State Responsibility

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Foreign Cyber Interference in Elections: An International Law Primer, Part III

Parts I and II of this series examined cyber election interference as an internationally wrongful act, looking at the two elements of attribution and breach, and in particular at the three sets of primary rules that election interference operations can violate: the prohibition of intervention, the obligation to respect sovereignty, and the duty to respect human rights. Now, in Part III, I will examine the positive obligations implicated by election interference cyber operations, and then look at the response options available to victim states. Obligation of Due Diligence The ICJ acknowledged a so-called “due diligence” obligation of states to control activities occurring on their territories in its first case, Corfu Channel. In that 1949 judgment, the Court observed that a state has a duty to not “allow knowingly its territory to be used for acts contrary to the rights of other states.” The Tallinn Manual 2.0 experts concluded that there was no reason to exclude the rule’s application in the cyber context (Rules 6-7); a number…

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Climate change and the European Court of Human Rights: The Portuguese Youth Case

On 3 September, six Portuguese children and young adults (aged 8 to 21) issued an Application to the European Court of Human Rights (“ECtHR”) against 33 Council of Europe Member States (all of the EU 27, plus the UK, Switzerland, Norway, Russia, Turkey and Ukraine) in respect of the profound, ongoing, and worsening impact that climate change is having upon…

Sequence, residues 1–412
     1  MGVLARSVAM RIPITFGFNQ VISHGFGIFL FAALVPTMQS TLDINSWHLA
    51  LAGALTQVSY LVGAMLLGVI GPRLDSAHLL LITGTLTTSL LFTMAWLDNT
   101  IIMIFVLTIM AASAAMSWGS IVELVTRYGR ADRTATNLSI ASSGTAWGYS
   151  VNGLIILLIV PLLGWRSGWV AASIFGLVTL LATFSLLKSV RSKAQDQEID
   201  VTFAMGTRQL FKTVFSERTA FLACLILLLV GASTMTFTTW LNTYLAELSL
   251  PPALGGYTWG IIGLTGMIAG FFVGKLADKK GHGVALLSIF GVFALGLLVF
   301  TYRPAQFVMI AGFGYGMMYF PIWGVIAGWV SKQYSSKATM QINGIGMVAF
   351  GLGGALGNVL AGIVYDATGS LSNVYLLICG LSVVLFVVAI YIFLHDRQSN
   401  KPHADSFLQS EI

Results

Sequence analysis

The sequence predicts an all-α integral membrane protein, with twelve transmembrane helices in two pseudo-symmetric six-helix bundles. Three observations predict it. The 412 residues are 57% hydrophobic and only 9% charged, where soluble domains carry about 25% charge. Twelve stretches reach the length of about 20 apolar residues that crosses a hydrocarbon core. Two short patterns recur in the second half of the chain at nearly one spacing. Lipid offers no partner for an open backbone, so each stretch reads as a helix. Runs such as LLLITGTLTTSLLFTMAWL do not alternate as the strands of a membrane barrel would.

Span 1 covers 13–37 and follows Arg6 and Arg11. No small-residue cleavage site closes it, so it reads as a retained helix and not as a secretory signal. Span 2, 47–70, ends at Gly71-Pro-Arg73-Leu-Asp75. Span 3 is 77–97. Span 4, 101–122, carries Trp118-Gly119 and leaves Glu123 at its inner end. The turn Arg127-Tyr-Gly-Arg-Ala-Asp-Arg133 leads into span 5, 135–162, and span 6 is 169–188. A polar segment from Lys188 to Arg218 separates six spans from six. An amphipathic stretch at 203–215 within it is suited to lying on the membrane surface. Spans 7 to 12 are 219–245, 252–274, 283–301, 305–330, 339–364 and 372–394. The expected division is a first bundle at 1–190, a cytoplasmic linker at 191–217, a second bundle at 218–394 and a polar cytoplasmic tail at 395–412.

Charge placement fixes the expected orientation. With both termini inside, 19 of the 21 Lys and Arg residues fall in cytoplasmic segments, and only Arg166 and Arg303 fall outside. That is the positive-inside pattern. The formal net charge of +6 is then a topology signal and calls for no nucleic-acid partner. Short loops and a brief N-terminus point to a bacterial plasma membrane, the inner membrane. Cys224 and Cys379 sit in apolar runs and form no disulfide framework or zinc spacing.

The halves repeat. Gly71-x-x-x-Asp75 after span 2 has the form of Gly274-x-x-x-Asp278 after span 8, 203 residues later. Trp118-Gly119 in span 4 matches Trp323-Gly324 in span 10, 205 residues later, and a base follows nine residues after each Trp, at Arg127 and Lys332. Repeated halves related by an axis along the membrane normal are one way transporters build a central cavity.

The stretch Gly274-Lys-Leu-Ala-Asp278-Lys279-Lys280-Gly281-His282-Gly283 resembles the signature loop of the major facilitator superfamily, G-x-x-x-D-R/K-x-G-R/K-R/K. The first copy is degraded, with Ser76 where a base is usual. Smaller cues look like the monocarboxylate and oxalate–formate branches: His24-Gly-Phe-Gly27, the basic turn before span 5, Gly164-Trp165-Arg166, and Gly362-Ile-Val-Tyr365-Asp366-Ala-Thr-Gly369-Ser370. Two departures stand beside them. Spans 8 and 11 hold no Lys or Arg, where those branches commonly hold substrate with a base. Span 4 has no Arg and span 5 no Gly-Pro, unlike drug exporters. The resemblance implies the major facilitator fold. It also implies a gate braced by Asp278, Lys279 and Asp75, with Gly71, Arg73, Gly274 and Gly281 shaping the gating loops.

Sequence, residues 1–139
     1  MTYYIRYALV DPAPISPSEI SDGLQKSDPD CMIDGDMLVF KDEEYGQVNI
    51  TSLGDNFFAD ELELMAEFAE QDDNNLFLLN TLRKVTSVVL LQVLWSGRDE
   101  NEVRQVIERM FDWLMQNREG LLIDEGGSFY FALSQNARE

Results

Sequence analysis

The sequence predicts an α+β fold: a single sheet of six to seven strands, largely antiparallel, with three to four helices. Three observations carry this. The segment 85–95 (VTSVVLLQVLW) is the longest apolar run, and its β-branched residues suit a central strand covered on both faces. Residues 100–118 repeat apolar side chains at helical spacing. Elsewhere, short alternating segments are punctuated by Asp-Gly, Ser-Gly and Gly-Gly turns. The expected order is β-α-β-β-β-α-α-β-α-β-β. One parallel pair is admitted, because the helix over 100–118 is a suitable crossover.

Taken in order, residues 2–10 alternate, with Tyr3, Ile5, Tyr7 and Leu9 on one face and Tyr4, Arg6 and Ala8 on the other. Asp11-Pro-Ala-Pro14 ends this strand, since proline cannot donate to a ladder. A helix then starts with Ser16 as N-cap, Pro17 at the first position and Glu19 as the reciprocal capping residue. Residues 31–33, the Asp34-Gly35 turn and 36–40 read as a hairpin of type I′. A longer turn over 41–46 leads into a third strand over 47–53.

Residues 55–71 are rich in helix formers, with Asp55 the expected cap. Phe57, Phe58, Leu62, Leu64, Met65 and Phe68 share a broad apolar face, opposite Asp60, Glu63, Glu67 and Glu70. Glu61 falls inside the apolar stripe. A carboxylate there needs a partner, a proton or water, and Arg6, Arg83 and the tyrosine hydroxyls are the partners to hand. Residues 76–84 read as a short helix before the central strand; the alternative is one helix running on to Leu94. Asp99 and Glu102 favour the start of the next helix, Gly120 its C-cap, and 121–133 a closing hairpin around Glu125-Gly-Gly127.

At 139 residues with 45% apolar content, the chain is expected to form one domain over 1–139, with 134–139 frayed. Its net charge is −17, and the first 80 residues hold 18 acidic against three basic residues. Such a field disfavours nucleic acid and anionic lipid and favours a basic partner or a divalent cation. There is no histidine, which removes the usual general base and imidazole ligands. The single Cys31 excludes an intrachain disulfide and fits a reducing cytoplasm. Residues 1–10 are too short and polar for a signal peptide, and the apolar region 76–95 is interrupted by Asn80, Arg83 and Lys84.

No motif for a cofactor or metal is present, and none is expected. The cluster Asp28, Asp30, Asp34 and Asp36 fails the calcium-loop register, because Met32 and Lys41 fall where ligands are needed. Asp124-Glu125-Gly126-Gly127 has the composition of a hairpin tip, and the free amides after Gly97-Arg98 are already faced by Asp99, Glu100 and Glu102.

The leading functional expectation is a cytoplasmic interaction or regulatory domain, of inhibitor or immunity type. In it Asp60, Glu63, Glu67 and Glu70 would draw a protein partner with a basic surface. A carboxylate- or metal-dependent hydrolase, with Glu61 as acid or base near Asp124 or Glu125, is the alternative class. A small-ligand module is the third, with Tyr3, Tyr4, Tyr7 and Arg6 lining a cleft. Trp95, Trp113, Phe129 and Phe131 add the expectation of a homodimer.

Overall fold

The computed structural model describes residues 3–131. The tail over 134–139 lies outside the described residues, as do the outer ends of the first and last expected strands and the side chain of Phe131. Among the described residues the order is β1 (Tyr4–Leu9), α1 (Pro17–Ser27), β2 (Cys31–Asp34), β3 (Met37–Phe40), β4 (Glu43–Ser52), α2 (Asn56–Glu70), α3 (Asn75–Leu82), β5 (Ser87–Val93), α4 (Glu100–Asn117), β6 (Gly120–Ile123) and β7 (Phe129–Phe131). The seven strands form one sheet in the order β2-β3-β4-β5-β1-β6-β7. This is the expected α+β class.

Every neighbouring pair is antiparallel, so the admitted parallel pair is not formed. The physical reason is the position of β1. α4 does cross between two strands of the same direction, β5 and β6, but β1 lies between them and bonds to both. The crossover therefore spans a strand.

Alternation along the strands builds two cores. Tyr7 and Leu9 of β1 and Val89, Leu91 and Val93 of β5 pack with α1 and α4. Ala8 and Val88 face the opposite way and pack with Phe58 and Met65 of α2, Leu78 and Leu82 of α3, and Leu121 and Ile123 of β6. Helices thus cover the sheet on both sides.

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Attribution, Jurisdiction, Discrimination, Decapitation: A Comment on Makuchyan and Minasyan v. Azerbaijan and Hungary

You know how, every once in a while, you read a case that has everything? I mean really everything? Great facts. Grisly facts even, for those so inclined – say involving a beheading by a state agent. Great law. Not just some genuine legal innovation worthy of scholarly commentary – that’s fine obviously, but not all that uncommon.

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COVID-19 and Defences in the Law of State Responsibility: Part II

In our previous post, we considered whether States could rely on the plea of force majeure in respect of non-performance of international obligations connected to their efforts to contain the COVID-19. We concluded that force majeure might not provide a defence to States since their measures in addressing the spread of the virus were voluntary measures. In this…

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COVID-19 and Defences in the Law of State Responsibility: Part I

As at 16 March 2020, there were nearly 165.000 confirmed cases of COVID-19, and 6.470 deaths in 146 countries or territories. The outbreak was declared a Public Health Emergency of International Concern by the Director-General of the WHO on 30 January 2020 which, according to the 2005 International Health Regulations, is an ‘extraordinary event’ which,…

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